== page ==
An undisclosed number of University of Miami students received messages on Tuesday, Feb. 23 notifying them they had tested negative for COVID-19, when in fact they had never been tested at all. This error comes as UM is unveiling a new breath-based COVID testing system at both Lakeside Village and the University Village. After half a dozen students came to The Miami Hurricane saying they were sent false negative tests, the university acknowledged the error and provided the following statement:
“A message was sent in error to some students scheduled for COVID-19 testing on Thursday. Those students have since received a follow up email on their MyUHealthChart accounts informing them of the error.”
UM was then informed that students disputed that they received a follow up email and were asked for clarification on what they meant by “testing on Thursday.” UM declined an interview once again and instead provided another statement:
“A message in MyUHealthChart was sent inadvertently to some students who had performed a COVID-19 breath test last week. Those students are receiving a follow up notification informing them of the error through MyUHealthChart.”
The students expressed frustration about the poor communication from UM.
“I would have liked an apology or something,” said Hadieh Zolfaghari, a junior studying psychology who received a false test result. She continued that she has still not received any follow up, which was corroborated by images of her MyUHealthchart.
The Miami Hurricane asked for specification on how many students got this message. UM declined to answer.
Those who received false negative tests said they were provided with little clarification about what happened and were left concerned about the reliability of the university’s testing system.
“I was concerned when they started doing the breath tests,” Zolfaghari said. Zolfaghari explained that she knows someone who has already gotten a false positive from the breathalyzer tests, and she watched someone test positive from the breath test in front of her, who was then instructed to get a nasal swab. “If it’s not as accurate, what’s the point?”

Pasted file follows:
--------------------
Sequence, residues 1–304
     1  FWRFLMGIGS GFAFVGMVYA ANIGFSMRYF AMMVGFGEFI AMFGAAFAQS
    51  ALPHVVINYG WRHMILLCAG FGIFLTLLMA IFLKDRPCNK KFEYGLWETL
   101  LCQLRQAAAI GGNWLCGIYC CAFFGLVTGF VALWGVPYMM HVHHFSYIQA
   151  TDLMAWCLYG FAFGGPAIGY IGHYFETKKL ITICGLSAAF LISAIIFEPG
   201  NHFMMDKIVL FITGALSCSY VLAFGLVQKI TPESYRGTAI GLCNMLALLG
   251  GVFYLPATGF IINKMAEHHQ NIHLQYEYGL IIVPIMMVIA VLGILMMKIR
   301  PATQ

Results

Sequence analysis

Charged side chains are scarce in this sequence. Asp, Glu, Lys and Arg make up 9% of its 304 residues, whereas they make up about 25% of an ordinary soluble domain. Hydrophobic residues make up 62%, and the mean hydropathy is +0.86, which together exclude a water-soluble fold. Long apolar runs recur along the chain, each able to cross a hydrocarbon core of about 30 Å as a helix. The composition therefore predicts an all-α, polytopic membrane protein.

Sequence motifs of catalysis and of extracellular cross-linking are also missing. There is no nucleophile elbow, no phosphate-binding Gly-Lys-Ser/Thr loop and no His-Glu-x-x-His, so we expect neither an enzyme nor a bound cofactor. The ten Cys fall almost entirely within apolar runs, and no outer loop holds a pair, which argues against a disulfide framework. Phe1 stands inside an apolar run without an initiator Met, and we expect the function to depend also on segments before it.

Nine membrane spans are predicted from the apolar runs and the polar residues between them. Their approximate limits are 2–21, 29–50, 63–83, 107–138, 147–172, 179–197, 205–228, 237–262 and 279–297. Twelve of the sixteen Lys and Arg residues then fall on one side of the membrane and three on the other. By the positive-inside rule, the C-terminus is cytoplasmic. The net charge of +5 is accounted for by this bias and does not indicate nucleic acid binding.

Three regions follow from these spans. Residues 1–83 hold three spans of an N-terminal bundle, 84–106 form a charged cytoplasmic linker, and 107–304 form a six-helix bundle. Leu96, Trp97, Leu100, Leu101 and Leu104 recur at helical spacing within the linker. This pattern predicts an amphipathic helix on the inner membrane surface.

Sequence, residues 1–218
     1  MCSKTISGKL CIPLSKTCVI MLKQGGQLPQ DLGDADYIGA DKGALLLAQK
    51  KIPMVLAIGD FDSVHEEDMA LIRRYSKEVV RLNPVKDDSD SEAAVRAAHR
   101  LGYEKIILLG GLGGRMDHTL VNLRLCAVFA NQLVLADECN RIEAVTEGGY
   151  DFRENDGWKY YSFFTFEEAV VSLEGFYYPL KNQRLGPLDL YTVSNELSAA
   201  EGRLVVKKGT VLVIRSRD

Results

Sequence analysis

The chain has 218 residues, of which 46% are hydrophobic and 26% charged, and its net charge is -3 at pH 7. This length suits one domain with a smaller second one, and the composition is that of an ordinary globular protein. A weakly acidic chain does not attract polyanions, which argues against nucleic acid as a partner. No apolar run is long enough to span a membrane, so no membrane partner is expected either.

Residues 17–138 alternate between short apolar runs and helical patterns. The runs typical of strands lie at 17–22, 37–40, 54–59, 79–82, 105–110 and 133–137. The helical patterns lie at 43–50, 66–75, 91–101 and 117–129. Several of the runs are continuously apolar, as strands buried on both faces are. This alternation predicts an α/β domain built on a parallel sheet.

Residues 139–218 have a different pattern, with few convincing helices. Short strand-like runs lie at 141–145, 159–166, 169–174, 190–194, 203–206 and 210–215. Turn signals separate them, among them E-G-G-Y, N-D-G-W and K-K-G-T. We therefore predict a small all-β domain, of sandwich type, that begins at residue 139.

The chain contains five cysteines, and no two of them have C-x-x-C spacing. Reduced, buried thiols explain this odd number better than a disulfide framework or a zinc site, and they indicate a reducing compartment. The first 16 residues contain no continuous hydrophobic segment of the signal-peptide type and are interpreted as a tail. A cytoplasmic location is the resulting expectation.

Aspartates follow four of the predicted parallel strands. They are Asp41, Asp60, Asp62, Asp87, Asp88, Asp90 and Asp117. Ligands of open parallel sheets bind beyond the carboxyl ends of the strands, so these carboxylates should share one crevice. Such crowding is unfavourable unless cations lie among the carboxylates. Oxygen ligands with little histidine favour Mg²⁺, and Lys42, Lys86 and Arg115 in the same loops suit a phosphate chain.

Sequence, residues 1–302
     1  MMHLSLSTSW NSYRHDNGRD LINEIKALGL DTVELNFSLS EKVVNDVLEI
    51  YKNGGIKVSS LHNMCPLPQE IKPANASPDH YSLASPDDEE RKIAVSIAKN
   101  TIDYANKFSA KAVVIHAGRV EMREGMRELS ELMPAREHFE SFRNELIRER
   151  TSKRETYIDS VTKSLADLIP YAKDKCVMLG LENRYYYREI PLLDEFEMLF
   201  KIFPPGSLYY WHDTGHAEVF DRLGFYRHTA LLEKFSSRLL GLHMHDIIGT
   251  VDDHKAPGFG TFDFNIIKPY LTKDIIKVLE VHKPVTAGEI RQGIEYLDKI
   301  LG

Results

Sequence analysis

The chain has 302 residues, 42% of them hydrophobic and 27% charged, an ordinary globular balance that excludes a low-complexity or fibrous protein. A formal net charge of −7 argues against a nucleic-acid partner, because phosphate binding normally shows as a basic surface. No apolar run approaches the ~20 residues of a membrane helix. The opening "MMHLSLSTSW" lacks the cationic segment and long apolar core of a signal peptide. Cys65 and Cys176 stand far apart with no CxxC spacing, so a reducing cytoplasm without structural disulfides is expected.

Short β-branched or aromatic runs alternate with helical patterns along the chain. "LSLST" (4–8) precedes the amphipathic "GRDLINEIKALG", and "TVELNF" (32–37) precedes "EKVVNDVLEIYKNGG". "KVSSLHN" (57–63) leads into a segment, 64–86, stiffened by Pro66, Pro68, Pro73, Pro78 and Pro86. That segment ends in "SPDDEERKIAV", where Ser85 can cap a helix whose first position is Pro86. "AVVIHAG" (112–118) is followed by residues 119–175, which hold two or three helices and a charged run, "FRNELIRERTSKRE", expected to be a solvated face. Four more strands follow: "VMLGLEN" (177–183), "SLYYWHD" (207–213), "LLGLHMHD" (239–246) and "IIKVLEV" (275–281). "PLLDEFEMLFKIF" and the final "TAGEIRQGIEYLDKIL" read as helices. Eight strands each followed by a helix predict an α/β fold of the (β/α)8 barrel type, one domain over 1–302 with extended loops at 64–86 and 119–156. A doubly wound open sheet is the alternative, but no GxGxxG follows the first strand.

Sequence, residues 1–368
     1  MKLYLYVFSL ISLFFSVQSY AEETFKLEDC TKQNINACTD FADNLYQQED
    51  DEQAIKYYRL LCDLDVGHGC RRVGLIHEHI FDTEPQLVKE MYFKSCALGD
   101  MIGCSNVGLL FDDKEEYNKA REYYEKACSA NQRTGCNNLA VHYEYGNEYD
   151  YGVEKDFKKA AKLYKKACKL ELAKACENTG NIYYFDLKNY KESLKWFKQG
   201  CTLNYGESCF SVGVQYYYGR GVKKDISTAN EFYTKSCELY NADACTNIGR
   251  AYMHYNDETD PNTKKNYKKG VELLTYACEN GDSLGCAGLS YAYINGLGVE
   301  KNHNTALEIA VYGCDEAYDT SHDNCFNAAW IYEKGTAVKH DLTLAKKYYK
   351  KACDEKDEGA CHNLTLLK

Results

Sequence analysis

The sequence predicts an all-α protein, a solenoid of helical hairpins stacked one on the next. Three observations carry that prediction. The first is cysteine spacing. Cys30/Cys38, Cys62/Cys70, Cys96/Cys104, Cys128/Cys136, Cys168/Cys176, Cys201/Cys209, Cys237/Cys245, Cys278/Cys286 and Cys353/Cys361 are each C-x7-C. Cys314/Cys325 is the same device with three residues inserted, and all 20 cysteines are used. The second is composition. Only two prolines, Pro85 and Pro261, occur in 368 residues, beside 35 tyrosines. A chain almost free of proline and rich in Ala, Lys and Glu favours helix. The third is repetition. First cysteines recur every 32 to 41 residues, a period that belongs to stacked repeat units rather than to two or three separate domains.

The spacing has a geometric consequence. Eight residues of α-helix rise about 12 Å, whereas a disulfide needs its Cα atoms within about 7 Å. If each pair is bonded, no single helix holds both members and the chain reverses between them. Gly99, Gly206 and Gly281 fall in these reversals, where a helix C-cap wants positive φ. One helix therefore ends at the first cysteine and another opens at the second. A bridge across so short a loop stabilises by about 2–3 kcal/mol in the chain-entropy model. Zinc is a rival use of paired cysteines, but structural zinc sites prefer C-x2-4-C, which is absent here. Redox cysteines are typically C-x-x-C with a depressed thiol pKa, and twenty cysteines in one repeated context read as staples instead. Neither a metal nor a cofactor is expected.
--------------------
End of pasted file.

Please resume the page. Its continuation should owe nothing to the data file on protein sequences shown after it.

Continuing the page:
Another student who is a community assistant and interacts with students on a daily basis said she is concerned about the ramifications of having students told they were negative when they were not. The student requested anonymity because HRL does not allow their employees to talk to the press without prior permission.
“It’s terrifying,” she said. The CA works at Lakeside Village where the residents are asked to use breathalyzer tests. “I wonder about the validity of the results. I am not sure if I can trust them.”
In addition to increased skepticism of UM’s testing, the broader implications of the false negatives are unclear. UM has been increasingly aggressive with the enforcement of the daily symptom checker, with staff stationed around campus handing out wristbands for those who have completed it and stopping those who haven’t. In order to get a wristband and pass the symptom checkers, students need to have recently tested negative; if they are behind on their testing it prevents them from completing it.
The students who received the alerts were not overly frustrated, but the CA said this is a reflection of greater issues that have plagued the university’s COVID-19 response.
“The university could do a little better,” she said. “They should punish the students who actually ruin it for the rest of us, and I am stuck in doors while the rest of them run around with no consequences.”